3. Ignoring robot entry

Web master maintain a text file called Robot.txt. ‘Robot.txt’ maintain a list of URL that a web page crawler such as wget should not crawl. We can tell wget to ignore the ‘Robot.txt’ with ‘-erobots=off’ option. The following command tells wget to download the first page of my google profile and ignore the ‘Robot.txt.

[code]
wget -erobots=off http://www.google.com/profiles/zainul.franciscus
[/code]

Another useful option is -U. This option will mask wget as a browser. Take note that masking an application as an other application may violate the term and service of a web service provider.

[code]
wget -erobots=off -U Mozilla http://www.google.com/profiles/zainul.franciscus
[/code]

Conclusion

Wget is a very old school yet hackable GNU software package that we can use to download files. Wget is an interactive command line tool which means we can let it run on our computer in the background without having to start any application. Check out the wget man page

[code]
$ man wget
[/code]

to understand other options that we can use with wget.

Links

Wget Manual
How to Combine Two Downloaded Files When wget Fails Halfway Through
Linux QuickTip: Downloading and Un-tarring in One Step

Zainul spends his time trying to make technology more productive, whether it’s Microsoft Office applications, or learning to use web applications to save time.

  • Published 08/12/10

Comments (4)

  1. Martin Sjåstad

    Where would the file be downloaded to if you run these commands?

    I’ve been wondering about that for a while now, would be awesome if someone knew :)

    Much Love,
    Martin

  2. zfranciscus

    @Martin we can specify where we want to put our download by with the –output-document option.

    Example:

    wget –output-document=[download location] http://download.mozilla.org/?product=firefox-3.6.6&os=win&lang=en-GB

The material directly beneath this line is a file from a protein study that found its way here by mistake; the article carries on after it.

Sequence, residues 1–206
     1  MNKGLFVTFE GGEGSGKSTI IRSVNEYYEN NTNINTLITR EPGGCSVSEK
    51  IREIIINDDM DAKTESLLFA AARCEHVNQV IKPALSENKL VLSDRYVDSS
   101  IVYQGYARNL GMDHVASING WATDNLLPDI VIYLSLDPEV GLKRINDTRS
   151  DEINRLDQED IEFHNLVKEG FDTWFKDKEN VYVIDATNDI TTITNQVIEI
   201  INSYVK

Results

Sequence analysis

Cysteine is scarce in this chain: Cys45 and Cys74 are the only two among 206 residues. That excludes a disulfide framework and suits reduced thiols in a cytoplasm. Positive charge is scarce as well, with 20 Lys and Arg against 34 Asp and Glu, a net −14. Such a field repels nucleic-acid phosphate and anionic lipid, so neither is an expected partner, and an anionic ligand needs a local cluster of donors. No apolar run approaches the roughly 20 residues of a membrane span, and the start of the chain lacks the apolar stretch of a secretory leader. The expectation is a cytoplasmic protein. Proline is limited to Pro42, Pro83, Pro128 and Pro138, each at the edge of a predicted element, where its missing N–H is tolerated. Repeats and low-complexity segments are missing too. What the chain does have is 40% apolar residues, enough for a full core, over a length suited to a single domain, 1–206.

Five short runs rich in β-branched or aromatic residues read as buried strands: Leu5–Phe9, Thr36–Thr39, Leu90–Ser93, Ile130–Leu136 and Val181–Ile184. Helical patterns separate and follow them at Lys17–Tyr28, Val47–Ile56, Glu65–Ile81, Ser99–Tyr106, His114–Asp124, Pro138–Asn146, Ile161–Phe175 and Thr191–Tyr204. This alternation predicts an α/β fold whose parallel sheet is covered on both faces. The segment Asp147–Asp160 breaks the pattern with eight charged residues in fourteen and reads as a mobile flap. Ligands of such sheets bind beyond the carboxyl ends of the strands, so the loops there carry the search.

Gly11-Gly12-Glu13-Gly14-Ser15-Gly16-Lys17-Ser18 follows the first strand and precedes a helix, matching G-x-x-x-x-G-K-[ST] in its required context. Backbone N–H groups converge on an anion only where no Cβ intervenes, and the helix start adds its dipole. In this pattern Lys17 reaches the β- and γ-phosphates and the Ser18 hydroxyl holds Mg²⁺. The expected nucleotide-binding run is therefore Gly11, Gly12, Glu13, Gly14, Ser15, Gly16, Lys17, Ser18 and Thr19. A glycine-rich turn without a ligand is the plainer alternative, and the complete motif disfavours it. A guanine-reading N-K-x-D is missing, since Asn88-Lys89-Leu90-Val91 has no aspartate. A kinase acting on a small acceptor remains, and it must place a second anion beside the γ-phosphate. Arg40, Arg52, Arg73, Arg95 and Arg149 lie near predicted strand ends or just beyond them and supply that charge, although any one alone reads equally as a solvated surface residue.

Note: Replace the [download location] with the full path to a directory.

    Cheers

  3. ndoel

    how to download from websites that require authorization account, such as rapidshare premium account, ziddu etc. ???

  4. Timothy Gott

    Just tried to modify your instructions a little to work the way I work. There are several ISOs that I try download from time to time so I created a text file to keep them “wget-stuff” and put that in the scheduler like so “wget -c -i wget-stuff” and set it to run every two hours. Why two hours you might ask?; well I’m glad you did :-) … Well, it’s because I occasionally stop all of the wget processes manually when my internet connection is getting slow. And then I might forget to start them up again.

    However I found that (if I don’t kill the wget processes) wget does something very peculiar. It likes to add extra data to a file if it is set to start on a file that another wget instance is already working on. For example, if you have a 600meg file that wget is working on, and then you start another instance of wget targeted at that same file in that same directory, you might end up with an 800meg file or more depending on when that additional instance of wget was set to run and how long it ran. Obviously the finished file turns out to be trash.

    Ok well I finally figured out a solution. I’m not using aria2c instead of wget. It doesn’t have the hangups that I’ve encountered in wget and it works in all the same ways that matter and new ways that really improve things; like being able to download from two resources and bring it all back together. Well, I’m too tired to think of a better way to say that but you’ll see what I mean if you try it (or read the man page).

    Hope this helps someone else out. This stuff took me hours to sort through :-)